It’s remarkable how Ranbir is as much of a mainstream Bollywood hero as the scion of Hindi cinema’s most illustrious family can be, and yet, he is not, courtesy his insatiable appetite for risk-taking and his unconventional movie choices. You could argue that he is able to take the liberties that he does because of his cushioned positioning in the Hindi film industry. But your last name can take you only so far. It can give you a few films but it cannot build a formidable, lasting career. At the end of the day, it is your talent, hard work, and the ability to persevere that takes you places and gets you more meaty work.
    It is also nothing short of astounding that it has taken Ranbir 15 years to finally play the hero that his late father had always wanted him to be on screen. In an interview with Film Companion, he was asked what took him so long. He said, “I don’t think I had the conviction and the confidence to do it (earlier). I had to build the confidence of the audience for them to like me, and accept me as an actor for me to take the next step in my career. I didn’t have the confidence early on in my career when I was playing the parts that I was playing that I could do a film like Shamshera.”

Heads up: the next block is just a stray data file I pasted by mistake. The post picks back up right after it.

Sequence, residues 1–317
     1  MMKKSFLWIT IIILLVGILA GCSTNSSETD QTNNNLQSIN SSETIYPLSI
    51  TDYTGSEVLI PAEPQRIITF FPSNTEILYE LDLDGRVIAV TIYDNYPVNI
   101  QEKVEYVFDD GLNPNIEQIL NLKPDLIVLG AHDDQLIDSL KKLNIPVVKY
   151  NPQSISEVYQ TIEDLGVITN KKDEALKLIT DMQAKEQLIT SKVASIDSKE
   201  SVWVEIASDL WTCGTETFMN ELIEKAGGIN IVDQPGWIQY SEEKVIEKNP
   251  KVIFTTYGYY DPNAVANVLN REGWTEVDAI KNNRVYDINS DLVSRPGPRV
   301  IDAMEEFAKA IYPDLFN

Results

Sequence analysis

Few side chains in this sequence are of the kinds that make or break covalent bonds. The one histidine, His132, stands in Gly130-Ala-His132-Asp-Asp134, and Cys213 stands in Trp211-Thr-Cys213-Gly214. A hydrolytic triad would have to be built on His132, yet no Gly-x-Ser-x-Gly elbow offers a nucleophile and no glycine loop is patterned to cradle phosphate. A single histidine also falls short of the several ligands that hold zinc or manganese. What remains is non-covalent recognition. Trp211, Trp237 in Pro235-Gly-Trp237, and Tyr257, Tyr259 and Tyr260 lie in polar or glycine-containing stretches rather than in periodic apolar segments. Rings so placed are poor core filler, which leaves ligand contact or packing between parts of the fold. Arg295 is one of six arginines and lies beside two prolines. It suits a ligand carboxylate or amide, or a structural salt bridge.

It kind of worked that Ranbir decided to take it slow. Because in the process of finding himself and his conviction, he ended up doing films that most stars are too conscious to touch. But to be fair, Ranbir never had any of the starry trappings. There is a lot more to him than he lets out. There is a line in Rocket Singh: Salesman of the Year in which his business partner tells Ranbir’s character: “Tum yaar jo lagta hai wo hai nahi. Aur jo hai, wo maloom nahi."
    There’s another in Rockstar in which Shammi Kapoor’s veteran musician tells Piyush Mishra’s slimy music producer, “Ye bada jaanwar hai. Ye aapke chhote pinjare me nahi samayega. Ye apni duniya banaega.”
    Shamshera will be Ranbir’s first film in four years after Rajkumar Hirani’s 2018 hagiography Sanju. As massy as it may look, it is the first of its kind in Ranbir’s inimitable career. After stirring up a dust storm on earth in it, Ranbir will go for the stars. Brahmastra is coming up next.
    Read other pieces by Sneha Bengani here.